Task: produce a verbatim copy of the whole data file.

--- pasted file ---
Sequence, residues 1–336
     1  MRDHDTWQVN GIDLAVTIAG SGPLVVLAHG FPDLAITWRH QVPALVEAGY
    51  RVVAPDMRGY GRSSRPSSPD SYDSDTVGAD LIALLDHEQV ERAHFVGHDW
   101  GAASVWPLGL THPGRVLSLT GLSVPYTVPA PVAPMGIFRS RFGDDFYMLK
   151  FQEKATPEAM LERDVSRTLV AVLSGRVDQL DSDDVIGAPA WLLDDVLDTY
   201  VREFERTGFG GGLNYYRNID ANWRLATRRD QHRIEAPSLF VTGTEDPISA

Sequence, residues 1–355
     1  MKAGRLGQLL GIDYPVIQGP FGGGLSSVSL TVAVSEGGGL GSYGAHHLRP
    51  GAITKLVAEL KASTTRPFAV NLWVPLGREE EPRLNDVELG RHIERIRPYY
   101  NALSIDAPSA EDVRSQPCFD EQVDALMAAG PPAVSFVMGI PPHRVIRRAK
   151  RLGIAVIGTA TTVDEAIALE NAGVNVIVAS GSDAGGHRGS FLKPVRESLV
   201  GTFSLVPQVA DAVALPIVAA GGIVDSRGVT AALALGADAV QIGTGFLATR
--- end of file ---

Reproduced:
Sequence, residues 1–336
     1  MRDHDTWQVN GIDLAVTIAG SGPLVVLAHG FPDLAITWRH QVPALVEAGY
    51  RVVAPDMRGY GRSSRPSSPD SYDSDTVGAD LIALLDHEQV ERAHFVGHDW
   101  GAASVWPLGL THPGRVLSLT GLSVPYTVPA PVAPMGIFRS RFGDDFYMLK
   151  FQEKATPEAM LERDVSRTLV AVLSGRVDQL DSDDVIGAPA WLLDDVLDTY
   201  VREFERTGFG GGLNYYRNID ANWRLATRRD QHRIEAPSLF VTGTEDPISA

Sequence, residues 1–355
     1  MKAGRLGQLL GIDYPVIQGP FGGGLSSVSL TVAVSEGGGL GSYGAHHLRP
    51  GAITKLVAEL KASTTRPFAV NLWVPLGREE EPRLNDVELG RHIERIRPYY
   101  NALSIDAPSA EDVRSQPCFD EQVDALMAAG PPAVSFVMGI PPHRVIRRAK
   151  RLGIAVIGTA TTVDEAIALE NAGVNVIVAS GSDAGGHRGS FLKPVRESLV
   201  GTFSLVPQVA DAVALPIVAA GGIVDSRGVT AALALGADAV QIGTGFLATR